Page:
2nd volume, no. 44

Introduction to the content

A press release which Bloch dated September 3 describes the political circumstances on the day of the German invasion of Poland. This reveals that four years ago, Hitler was merely seeking a pretext for his aggression, and the beginning of the world war was based on lies. While Germany initially achieved tremendous successes, Curt Bloch writes that superiority has now vanished. “The Nazi glory will be over,” he states, now the punishment of history will be carried out.

The poem Chief of Staff Number Three: Heinrich Scheppmann addresses the various SA chiefs of staff in the service of Adolf Hitler. Scheppmann’s predecessors both met unnatural deaths: Ernst Röhm (1887–1934) was shot on the orders of the “Führer,” and Viktor Lutze (1890–1943) died in a car accident. Wilhelm Schepmann (1894–1970, mistakenly written by Bloch as Heinrich and with two p’s in his last name) initially worked as an elementary school teacher and later became the police chief in Curt Bloch’s hometown of Dortmund, where – among other things – he persecuted the organized labor movement. After Lutze’s death, Schepmann was entrusted with the leadership of the SA organization. Anyone who, based on the experiences of previous holders of this office, expects a short life will not be contradicted by Curt Bloch.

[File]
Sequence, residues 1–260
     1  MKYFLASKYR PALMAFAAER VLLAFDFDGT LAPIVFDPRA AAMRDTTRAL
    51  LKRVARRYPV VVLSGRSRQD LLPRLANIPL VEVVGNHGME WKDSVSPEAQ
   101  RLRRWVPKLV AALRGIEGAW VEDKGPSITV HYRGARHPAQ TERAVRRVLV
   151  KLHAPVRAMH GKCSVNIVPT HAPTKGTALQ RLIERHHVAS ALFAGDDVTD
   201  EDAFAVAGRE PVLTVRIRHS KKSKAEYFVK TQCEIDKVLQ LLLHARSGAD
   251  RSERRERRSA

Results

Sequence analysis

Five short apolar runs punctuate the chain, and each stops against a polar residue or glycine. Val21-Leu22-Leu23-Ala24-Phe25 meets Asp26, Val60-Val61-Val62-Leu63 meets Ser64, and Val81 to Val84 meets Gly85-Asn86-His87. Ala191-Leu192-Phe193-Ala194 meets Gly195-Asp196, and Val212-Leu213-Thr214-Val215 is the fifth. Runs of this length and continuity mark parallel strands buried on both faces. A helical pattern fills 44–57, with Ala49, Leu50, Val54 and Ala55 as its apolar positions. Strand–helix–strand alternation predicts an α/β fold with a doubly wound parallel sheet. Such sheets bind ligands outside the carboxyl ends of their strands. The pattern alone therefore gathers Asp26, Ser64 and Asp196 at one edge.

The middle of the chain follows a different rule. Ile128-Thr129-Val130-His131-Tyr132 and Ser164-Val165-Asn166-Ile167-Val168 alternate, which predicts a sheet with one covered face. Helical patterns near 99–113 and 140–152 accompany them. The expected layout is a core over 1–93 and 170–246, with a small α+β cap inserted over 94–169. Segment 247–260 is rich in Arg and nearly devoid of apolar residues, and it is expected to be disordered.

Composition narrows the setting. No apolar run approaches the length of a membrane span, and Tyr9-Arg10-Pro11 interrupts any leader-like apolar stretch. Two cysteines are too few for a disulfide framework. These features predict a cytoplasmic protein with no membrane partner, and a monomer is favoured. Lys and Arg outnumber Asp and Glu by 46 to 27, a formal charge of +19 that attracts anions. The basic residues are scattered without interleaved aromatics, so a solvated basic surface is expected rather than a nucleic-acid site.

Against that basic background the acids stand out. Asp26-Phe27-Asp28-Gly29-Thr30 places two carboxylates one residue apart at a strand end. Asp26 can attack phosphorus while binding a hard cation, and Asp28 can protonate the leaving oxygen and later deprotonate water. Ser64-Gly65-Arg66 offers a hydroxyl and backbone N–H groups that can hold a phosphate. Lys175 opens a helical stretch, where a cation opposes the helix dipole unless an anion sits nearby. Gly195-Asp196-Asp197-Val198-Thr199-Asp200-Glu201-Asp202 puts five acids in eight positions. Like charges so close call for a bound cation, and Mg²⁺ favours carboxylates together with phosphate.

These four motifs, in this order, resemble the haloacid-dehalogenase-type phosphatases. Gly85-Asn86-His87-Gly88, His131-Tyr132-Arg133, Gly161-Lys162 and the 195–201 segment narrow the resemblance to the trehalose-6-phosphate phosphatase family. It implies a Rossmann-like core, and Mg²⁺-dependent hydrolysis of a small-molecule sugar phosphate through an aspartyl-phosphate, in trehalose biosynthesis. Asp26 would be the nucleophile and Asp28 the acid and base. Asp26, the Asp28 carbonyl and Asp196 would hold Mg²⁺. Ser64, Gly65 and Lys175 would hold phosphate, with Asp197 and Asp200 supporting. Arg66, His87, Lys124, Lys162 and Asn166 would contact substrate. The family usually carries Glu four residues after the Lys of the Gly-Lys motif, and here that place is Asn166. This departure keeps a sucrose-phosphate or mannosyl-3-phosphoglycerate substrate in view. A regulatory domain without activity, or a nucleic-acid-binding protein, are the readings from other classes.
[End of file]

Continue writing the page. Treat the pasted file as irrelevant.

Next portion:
The Dutch Landwacht was a paramilitary organization active in the Netherlands during World War II. Set to the tune of the song “Oh Susannah,” Curt Bloch writes The Song of the Landwacht. According to Bloch, death awaits those who enlist in the service of the Germans and thus betray their fellow countrymen. Several newspaper clippings document attacks and killings of Landwacht members.

In response to a press report in which Joseph Goebbels attempts to stoke the war spirit, Curt Bloch issues a warning to the Germans. The Rieich’s leader of Propaganda predicts the destruction of the German people if we “prove ourselves unable to withstand the united assault of our enemies.” Bloch, on the other hand, calls in his verses for people to free themselves from “Teutonic urges” and the “madness of the barbarians”; only then can one serve love for humanity and the ideals of culture. The goal should be “To find happiness in peace.”